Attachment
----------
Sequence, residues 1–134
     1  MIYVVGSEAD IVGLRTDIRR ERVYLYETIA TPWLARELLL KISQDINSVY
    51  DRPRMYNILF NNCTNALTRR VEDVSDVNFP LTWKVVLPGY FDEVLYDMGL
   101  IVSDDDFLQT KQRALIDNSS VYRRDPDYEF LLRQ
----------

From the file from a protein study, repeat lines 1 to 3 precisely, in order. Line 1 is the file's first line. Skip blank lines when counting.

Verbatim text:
Sequence, residues 1–134
     1  MIYVVGSEAD IVGLRTDIRR ERVYLYETIA TPWLARELLL KISQDINSVY
    51  DRPRMYNILF NNCTNALTRR VEDVSDVNFP LTWKVVLPGY FDEVLYDMGL